Focus group: asking the right questions

At the start of any new venture or project, one word often gets thrown around more than any other, research. Research is that magical undertaking which if conducted thoroughly will ensure our success. But not all research methods are made equal.

Ask any scientist and they will tell you, primary sources are the most valuable sources in research. Good research is not about digging through websites. It’s talking to real people. But to make sure the data you get out of real users is accurate, you have to ditch the leading questionnaires and head into the focus group for live, genuine, unrefined data.

Focus groups first emerged during World War II when researchers wanted to know how everyday people reacted to propaganda. The stakes were high, and those commissioning the research were prepared to try something new. The results were so good that US advertising companies continued the practice in peace times, and we still use focus groups today.

Depending on what researchers what to know, criteria are developed and individuals who match these criteria are sourced. TV executives typically look at age and gender groups to test their new shows, but in sales, they might look at income, purchase history and locale to measure interest in a new product. Next, a group session is arranged.

“It is especially significant when generating new ideas for products and marketing…”

The group is comprised of six to 10 participants, and one or more moderators who will discuss the moderator-led topic. Prompts such as questions, adverts or food tastings are used to create responses, which are recorded word for word. The group might watch an advert together and talk about how it made them feel, or they may talk about discuss topics such as politics or religion.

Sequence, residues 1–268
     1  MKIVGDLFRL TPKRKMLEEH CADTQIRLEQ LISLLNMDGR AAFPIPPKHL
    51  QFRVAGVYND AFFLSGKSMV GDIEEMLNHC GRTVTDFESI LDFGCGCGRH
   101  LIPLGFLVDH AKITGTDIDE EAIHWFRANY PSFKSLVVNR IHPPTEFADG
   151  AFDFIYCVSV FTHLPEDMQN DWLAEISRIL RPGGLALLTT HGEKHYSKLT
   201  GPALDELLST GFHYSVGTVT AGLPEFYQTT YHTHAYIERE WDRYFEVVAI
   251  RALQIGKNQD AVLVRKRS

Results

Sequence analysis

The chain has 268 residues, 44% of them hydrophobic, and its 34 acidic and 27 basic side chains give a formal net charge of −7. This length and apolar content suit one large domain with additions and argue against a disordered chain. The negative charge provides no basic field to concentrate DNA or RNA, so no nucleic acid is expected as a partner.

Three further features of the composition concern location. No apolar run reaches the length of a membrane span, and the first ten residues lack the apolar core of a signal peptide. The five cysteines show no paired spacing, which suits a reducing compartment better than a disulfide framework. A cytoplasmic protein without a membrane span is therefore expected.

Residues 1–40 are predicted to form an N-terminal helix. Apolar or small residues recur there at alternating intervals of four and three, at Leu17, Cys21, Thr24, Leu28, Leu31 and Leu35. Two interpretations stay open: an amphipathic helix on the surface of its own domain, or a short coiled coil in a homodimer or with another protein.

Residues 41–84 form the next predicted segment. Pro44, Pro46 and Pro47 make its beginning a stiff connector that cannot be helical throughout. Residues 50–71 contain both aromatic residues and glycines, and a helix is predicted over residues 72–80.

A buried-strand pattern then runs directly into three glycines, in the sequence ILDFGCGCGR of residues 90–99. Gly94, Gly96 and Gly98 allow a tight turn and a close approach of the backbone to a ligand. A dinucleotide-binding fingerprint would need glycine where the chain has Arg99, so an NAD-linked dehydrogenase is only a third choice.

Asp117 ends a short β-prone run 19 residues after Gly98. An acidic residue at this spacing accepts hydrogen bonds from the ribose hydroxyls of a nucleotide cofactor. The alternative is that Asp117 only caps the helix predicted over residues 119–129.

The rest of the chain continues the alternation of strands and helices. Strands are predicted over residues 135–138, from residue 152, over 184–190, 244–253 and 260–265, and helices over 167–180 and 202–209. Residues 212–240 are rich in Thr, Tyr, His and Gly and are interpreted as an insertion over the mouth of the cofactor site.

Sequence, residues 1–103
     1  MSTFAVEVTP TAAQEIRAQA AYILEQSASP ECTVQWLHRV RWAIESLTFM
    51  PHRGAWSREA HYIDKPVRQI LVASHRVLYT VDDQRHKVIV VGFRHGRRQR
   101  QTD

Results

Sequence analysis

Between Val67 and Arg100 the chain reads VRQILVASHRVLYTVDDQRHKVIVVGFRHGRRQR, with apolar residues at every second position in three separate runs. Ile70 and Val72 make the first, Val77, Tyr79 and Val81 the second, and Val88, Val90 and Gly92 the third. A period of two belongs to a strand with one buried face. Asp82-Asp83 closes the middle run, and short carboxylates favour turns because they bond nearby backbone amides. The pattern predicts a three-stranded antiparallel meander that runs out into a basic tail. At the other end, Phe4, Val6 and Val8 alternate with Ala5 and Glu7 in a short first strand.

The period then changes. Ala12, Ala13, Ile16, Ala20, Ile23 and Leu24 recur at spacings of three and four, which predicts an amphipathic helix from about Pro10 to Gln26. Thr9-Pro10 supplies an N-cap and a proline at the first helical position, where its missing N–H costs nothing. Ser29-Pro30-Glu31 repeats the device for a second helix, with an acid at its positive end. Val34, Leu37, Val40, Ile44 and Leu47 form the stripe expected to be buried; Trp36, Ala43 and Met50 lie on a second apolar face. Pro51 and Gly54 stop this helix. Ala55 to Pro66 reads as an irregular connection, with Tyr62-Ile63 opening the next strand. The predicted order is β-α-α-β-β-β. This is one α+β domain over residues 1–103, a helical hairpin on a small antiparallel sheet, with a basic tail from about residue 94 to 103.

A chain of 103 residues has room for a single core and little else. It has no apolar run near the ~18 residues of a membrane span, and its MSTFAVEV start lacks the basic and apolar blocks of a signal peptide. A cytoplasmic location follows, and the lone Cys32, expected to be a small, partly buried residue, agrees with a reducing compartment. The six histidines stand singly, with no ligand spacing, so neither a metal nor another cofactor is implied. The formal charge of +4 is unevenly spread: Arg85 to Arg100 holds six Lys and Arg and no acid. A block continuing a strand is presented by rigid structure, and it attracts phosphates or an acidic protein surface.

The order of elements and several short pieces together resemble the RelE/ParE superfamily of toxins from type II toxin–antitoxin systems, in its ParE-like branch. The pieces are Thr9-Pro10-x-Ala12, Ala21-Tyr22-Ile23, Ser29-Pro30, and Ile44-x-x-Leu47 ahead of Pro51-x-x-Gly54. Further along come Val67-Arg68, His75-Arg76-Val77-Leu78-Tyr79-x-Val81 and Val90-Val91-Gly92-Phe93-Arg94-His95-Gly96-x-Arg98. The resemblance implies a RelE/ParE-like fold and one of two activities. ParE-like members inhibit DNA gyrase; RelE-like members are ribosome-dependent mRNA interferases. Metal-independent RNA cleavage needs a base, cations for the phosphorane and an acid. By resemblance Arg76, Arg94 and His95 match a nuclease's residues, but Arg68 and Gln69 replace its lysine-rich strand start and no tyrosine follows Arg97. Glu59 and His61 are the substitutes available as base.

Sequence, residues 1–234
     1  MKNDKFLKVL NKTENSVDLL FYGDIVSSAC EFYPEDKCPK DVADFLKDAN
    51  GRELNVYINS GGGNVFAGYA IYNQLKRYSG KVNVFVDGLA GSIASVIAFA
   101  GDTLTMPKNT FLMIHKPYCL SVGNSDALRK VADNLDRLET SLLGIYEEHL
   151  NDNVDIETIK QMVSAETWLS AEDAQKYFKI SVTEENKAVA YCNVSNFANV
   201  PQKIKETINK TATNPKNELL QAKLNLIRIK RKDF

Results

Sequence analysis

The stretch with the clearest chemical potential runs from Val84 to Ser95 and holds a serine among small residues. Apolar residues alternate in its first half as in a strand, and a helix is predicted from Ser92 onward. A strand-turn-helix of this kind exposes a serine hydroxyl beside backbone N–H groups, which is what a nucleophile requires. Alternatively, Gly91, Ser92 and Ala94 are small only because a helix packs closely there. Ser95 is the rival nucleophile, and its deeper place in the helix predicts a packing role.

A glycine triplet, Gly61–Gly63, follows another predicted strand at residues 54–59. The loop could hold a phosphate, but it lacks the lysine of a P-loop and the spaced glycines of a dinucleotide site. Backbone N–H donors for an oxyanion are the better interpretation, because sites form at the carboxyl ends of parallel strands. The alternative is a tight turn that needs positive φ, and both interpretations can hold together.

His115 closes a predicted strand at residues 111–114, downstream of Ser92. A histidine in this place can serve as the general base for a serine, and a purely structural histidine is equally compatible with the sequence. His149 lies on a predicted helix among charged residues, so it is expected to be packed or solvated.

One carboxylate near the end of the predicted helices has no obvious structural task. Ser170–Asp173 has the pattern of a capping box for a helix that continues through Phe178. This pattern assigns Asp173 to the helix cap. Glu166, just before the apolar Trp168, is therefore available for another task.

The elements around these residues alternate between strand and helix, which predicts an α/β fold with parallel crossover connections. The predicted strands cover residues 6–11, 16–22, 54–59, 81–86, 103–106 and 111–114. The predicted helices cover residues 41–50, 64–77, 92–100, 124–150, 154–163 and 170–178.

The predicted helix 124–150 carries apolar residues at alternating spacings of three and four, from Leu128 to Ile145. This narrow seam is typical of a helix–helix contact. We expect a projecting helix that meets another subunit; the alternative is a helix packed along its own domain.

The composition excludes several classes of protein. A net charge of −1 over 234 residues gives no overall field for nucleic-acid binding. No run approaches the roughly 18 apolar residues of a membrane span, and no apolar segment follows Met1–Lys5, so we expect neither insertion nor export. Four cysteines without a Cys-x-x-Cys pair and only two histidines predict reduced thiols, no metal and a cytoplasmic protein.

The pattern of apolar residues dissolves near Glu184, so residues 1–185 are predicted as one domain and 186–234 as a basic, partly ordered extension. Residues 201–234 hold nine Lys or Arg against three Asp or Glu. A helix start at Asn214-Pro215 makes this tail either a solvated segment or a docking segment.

The aim is to elicit genuine responses to prompts, so products, adverts and even political platforms can be developed which would be appealing to this group. This exploratory method is referred to a ‘qualitative’ rather than ‘quantitate’ research. It is especially significant when generating new ideas for products and marketing based on purchase habits.

“They can also completely fail.”

As with any method of research, the quality of the data that comes out is often only as robust as the design and delivery of the research. In the past, focus groups have produced incredible, but non-replicable qualitative data which has not helped the researchers. They can also completely fail. This can happen when the participants modify their responses because they feel they are being judged, or when a researcher unconsciously leads the participants towards answers. Participants often try to predict and mirror the overall responses of the group too. So if a weaker participant perceives a stronger participant is leaning in one direction, they may follow.

However, techniques to improve focus group use are always emerging and it continues to be a method of research, which goes from strength to strength. It can be especially useful for gauging customer preferences towards service offerings and cost structures, providing much more accurate data than questionnaires.

And focus groups are well known for delivering answers to questions, which researchers hadn’t yet formulated. So with focus groups, we can see there is truth in the old adage — Sometimes there’s no substitute for asking the right questions.

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